One of the problems with episodic television of any color is that everything has got to be okay at the end of the episode so it can start again next week. So the events that occur are rarely life-changing. But with film, you can say that this thing only happened once; this is a major thing that happened to these people.
I see the beauty of Mike's attempt to devise an ideal ethic and applaud his recognition that such must start by junking the present sexual code and starting fresh. Most philosophers haven't the courage for this; they swallow the basics of the present code--monogamy, family pattern, continence, body taboos, conventional restrictions on intercourse, and so forth--then fiddle with details. . . even such piffle as discussing whether the female breast is an obscene sight! (p. 365)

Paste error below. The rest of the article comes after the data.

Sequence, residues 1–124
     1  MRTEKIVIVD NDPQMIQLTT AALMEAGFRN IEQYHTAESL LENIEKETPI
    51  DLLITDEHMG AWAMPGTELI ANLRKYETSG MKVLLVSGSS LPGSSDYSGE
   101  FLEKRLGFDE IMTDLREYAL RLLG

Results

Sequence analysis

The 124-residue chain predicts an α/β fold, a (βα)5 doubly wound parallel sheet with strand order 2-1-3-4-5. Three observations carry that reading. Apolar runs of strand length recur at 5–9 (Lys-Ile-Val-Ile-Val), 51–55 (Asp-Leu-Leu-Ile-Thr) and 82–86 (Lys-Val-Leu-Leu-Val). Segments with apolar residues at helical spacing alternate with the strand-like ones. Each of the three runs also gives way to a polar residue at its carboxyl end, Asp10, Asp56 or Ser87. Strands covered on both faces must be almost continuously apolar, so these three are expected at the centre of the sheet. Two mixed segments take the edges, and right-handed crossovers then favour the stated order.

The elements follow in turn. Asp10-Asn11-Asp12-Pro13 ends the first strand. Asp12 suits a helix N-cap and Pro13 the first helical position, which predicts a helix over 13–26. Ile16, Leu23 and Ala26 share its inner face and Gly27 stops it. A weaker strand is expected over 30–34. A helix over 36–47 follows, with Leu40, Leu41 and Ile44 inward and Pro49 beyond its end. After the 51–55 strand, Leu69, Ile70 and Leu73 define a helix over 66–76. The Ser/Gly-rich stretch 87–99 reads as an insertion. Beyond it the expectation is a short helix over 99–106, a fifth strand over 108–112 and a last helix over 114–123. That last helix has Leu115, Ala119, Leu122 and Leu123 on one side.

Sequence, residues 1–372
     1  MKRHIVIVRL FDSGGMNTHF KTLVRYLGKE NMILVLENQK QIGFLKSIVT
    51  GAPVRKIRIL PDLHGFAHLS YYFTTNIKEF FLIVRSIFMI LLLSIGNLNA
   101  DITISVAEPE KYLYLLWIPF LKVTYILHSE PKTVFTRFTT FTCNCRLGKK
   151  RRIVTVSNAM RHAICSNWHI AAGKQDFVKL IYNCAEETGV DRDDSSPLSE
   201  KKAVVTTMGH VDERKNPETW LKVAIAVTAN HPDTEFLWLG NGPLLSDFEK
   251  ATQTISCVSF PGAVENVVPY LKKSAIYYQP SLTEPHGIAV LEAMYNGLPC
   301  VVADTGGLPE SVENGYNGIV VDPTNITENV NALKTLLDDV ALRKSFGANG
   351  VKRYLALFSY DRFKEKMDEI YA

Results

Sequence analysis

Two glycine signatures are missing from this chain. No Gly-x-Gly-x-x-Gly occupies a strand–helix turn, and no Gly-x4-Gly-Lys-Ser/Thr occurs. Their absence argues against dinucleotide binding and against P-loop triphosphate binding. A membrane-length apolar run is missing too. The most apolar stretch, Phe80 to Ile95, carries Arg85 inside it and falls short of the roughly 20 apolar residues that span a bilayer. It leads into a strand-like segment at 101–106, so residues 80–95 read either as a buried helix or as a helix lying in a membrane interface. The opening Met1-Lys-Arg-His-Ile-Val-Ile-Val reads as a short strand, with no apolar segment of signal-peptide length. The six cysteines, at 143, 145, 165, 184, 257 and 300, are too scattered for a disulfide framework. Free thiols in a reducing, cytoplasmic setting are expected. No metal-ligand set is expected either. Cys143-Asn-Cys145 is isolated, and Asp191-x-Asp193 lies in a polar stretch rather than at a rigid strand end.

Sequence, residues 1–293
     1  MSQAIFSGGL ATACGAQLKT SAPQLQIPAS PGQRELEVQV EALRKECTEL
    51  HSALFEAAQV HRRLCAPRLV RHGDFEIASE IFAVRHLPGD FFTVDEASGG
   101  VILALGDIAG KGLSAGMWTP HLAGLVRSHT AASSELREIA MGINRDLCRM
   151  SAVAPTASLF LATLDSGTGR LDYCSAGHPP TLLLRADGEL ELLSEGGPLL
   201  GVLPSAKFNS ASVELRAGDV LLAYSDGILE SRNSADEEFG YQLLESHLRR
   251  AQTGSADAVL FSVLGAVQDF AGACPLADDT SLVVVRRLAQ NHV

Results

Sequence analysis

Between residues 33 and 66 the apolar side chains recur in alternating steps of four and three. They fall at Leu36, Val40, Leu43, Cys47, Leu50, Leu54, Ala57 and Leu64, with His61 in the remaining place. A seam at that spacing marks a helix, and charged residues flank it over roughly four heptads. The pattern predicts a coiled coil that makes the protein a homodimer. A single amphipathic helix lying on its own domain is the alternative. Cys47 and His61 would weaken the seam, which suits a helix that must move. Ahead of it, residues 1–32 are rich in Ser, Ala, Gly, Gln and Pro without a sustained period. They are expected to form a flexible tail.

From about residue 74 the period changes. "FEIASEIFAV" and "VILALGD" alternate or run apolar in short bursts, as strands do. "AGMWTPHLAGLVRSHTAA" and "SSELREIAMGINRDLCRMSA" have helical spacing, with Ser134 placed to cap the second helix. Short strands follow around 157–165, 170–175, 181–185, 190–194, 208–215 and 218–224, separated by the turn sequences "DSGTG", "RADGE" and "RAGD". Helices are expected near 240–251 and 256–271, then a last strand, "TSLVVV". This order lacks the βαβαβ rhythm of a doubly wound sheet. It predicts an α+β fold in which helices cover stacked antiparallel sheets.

If you just warn people, they often simply ignore you. But if you ask them a question, then they have to think about it. And once they start to think about the consequences, they almost always calm down. Unless they're drunk, of course. Or stoned. Or aged between fourteen and twenty-one. Or Glaswegian.